File | Education | The effect of age (3 articles)

Karine Daraiche has two children: a boy and a girl.


Her son – the eldest – was born in February. When he started first grade, well into his 6th birthday, he was ready to learn to read, write and count. Her daughter is from the end of August. On the first day of first grade, she was still 5 years old. And… “she wanted to play”, remembers her mother.

It is difficult to separate the effect of age from that of temperament or environment. Nevertheless, Karine Daraiche saw it clearly: her daughter was not as mature when she started school. “She was also a head shorter than the others,” she explains.

In Quebec, to enter school, children must be 5 years old by September 30 at the latest. Those who follow wait until the following year. Among students in the same class, the age gap is close to one year. In kindergarten, this difference is considerable.

Mother of four children (two “old” children from October and December, and two “young” children from August and September), Marie-Ève ​​M. Scott also observed a gap in maturity between the two clans, in the early school years especially. “For my son, born in August, the teacher found a way to keep him calm: she made him count the other students in a row,” recalls Marie-Ève, who emphasizes that the transition to secondary school also represented a “very big step” for him. However, his youngest do as well at school as his oldest.

Karine Daraiche believes that the month of her daughter’s birth had an impact academically. If she had been able to start school later or repeat a year (which her parents often asked), “it would have been so much easier,” believes Karine. The little girl will perhaps go on a special path to secondary school next year. Even if she works hard, the results are not there.

Less at university

It is well documented that “class babies” perform on average slightly less well than deans. We’re talking about an average: not all children will suffer from it. Retired psychology professor from the University of Quebec in Montreal (UQAM), Françoys Gagné gives the example of students who start school early. “This group of students demonstrates superior performance and maturity even to the oldest in the cohort,” underlines Mr. Gagné, who cites the results of the thesis of his former student Nadia Gagnier. Intellectually gifted children – including those who also have socio-emotional difficulties – have every interest, according to him, in progressing at an accelerated pace.

But in general, class babies – those born in summer in Quebec – have worse academic results than their classmates born in the fall, and this is particularly true in elementary school. At what point ?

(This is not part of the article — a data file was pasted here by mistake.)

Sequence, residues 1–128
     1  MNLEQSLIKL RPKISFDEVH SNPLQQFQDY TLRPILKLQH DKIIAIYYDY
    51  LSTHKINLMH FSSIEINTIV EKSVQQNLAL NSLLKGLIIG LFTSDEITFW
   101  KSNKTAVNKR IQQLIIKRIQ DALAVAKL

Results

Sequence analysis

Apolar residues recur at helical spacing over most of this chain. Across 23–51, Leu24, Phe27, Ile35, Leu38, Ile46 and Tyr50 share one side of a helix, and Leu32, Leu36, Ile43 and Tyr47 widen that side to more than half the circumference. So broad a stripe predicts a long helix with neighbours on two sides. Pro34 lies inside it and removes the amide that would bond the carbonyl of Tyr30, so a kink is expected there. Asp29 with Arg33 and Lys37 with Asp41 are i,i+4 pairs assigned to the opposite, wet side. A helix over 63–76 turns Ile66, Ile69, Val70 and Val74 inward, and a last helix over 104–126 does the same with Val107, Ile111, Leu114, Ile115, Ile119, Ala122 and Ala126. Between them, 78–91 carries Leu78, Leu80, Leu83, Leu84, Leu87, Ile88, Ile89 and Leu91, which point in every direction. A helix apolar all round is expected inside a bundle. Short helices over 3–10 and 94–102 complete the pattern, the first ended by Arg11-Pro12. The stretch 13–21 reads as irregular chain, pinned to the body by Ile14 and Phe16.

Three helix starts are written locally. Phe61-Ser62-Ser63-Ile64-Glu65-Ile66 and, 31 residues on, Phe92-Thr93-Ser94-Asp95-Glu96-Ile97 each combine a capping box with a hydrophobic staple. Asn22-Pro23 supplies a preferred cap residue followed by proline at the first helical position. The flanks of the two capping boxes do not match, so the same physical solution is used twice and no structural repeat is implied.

Professor of economics at the University of California, Kelly Bedard conducted a study on the issue in 2006, looking at results on international tests in mathematics and science. At 9 years old, the babies in class were up to 12 percentiles behind the older ones.

“The question is: does this effect last? “, said Mme Bedard, joined by The Press. The answer: the effect diminishes over time, but it persists. At age 13, the gap between the youngest and oldest varied from 2 to 9 percentiles. Surprisingly, in British Columbia and the United States, cohort babies were slightly less likely to go to university (an underrepresentation of 7% to 12%).

A similar exercise was also carried out in the United Kingdom the following year. At age 7, infants in class were on average 25 percentage points less likely to reach the expected level than older children. Again, the difference decreased over time (4 percentage points at age 11 and 6 percentage points at age 16), but it did not disappear completely.

Why does the gap persist? Kelly Bedard draws a parallel with elite hockey teams, where players born at the beginning of the year are over-represented. The latter – more developed – receive more attention, gain confidence, have the best coaches… “And the youngest are left behind,” she illustrates.

In Sweden

In Quebec, class babies are those in September, and it is in September that the most children are born. The reality is different in Sweden: Swedish class babies are those born at the end of the year, and birth rates are down in November and December.

Professor of demography at Stockholm University, Gunnar Andersson attributes this reality to two factors: parents’ desire to have parental leave in the summer, and that of putting all the chances on their child’s side in terms of school and sport. . “This is the kind of thing that parents, especially more educated ones, consider,” says Gunnar Andersson, who published an article on the issue in 2019.

Consult the study by Gunnar Andersson (in English)

Parents should not get carried away though. “Don’t panic,” says Kelly Bedard. My own daughter is a class baby, she’s in college, and everything is great! » Other factors, she says, have much more impact on academic success, such as parents’ annual income. In the eyes of Professor Françoys Gagné, the simple fact of being a boy constitutes a more important factor than relative age.

Kelly Bedard is more concerned about another issue: the overdiagnosis of ADHD among the youngest cohorts.

Socio-emotional impacts

The socio-emotional impacts linked to relative age were also studied. In a review of the scientific literature published in 2023, British researchers conclude that class babies are more likely to have difficulties with behaviors, psychological well-being and social experiences, but that this difference is fortunately “very small”.


reference: www.lapresse.ca

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